'Flying Ambulance' from North Carolina now calls Keesler home - WLOX.com - The News for South Mississippi

'Flying Ambulance' from North Carolina now calls Keesler home

Staut says each plane is similar to a flying ambulance, meant to rescue people in need of care from war zones or hurricanes. (Photo source: WLOX News) Staut says each plane is similar to a flying ambulance, meant to rescue people in need of care from war zones or hurricanes. (Photo source: WLOX News)
BILOXI, MS (WLOX) -

Saturday, the 403rd Wing at Keesler Air Force Base gained an Aeromedical Evacuation Squadron as military members gathered for a re-designation ceremony for the "flying ambulance."

Air Force flight nurse Jesse Walsh says she's always wanted to be a medical professional. She's now proud to be a part of the 36th Aeromedical Evacuation Squadron.

"They're the best patients in the world, defending our freedom, putting their lives at risk, it's the most honorable thing to be taking care of them," said Walsh. 

Walsh's military career started when her twin joined ROTC in high school in Missouri, and she followed suit. Her squadron relocated to Keesler from Pope Field in North Carolina with an official ceremony Saturday.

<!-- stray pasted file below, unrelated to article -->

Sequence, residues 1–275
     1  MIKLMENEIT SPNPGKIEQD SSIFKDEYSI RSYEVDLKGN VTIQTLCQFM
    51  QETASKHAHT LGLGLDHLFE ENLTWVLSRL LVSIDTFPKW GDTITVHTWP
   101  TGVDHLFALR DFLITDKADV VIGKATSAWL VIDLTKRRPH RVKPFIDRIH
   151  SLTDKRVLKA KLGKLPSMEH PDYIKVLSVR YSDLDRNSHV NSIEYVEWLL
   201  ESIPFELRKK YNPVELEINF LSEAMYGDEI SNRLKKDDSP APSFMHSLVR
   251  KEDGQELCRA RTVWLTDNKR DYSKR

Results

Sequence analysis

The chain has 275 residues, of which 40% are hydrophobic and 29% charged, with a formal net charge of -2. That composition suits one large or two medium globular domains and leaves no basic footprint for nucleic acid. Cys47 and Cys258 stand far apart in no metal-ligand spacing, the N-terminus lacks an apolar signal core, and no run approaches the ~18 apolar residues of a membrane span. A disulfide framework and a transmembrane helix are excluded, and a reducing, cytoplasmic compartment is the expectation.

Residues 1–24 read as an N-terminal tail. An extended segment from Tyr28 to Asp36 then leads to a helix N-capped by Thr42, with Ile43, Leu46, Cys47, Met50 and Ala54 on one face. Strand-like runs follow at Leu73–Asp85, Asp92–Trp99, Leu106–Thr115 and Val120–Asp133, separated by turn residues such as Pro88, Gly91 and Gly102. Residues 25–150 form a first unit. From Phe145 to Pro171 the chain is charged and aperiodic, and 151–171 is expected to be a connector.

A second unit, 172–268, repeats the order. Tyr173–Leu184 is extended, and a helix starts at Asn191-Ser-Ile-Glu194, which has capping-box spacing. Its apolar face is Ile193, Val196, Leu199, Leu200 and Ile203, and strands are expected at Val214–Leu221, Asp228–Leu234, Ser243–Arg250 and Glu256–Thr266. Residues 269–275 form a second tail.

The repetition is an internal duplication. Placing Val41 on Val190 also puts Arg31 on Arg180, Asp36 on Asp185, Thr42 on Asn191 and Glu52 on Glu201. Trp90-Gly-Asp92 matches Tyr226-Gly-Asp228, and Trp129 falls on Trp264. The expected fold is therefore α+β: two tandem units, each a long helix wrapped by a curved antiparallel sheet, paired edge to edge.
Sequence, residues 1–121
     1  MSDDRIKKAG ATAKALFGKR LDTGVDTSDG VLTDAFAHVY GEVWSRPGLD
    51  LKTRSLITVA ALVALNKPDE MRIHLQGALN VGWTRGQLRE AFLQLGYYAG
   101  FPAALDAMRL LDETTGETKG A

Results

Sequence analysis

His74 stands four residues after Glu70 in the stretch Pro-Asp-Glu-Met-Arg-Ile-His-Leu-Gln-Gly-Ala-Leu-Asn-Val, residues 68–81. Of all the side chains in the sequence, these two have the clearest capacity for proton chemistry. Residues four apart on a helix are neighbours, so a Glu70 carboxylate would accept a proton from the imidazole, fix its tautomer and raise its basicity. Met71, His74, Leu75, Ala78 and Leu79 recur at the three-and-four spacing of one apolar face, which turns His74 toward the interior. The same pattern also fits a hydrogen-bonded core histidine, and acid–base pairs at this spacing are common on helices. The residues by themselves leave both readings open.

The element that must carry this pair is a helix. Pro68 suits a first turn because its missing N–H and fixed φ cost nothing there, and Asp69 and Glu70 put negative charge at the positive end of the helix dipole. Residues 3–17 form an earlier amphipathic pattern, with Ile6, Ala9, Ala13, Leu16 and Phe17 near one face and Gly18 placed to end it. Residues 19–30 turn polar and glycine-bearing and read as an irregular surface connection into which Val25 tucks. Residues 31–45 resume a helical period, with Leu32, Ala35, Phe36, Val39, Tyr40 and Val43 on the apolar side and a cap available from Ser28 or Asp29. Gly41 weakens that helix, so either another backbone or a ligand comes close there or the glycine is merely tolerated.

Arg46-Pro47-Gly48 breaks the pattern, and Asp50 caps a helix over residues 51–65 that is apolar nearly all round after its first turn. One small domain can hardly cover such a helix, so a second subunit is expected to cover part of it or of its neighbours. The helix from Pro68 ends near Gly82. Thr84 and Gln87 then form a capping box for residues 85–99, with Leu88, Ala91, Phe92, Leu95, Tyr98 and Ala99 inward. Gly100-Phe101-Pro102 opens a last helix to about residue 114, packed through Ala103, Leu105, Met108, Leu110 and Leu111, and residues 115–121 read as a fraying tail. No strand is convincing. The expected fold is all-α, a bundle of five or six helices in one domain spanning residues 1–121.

Air Force Sgt. Tony Staut says most of the squadron's personnel come to keesler one weekend a month for continued mission training.

"The bulk of personnel came from North Carolina. The 30 people that came down left their families, [and] now drive 11 and half hours to base." Staut noted.

Staut says each plane is similar to a flying ambulance, meant to rescue people in need of care from war zones or hurricanes.

"Altitude affects what can happen to that patient. We take that extra leap, fly training mission after training mission, to keep that skill set valid," Staut added.

Walsh says she and other medical flight personnel went through survival school for water and land survival to be a part of the squadron, because improvisation may be needed on the plane.

"Hospitals on ground, you have everything at your fingertips. Up in the air it's louder, and you really have to have a good grasp on altitude physiology when flying patients in the air to know how it will affect them. If something goes wrong, we're making a phone call and using what we have," Walsh noted.

The squadron includes 40 officers and 83 enlisted personnel as part of the 403rd Wing. Five of those positions are full-time air reserve technicians.

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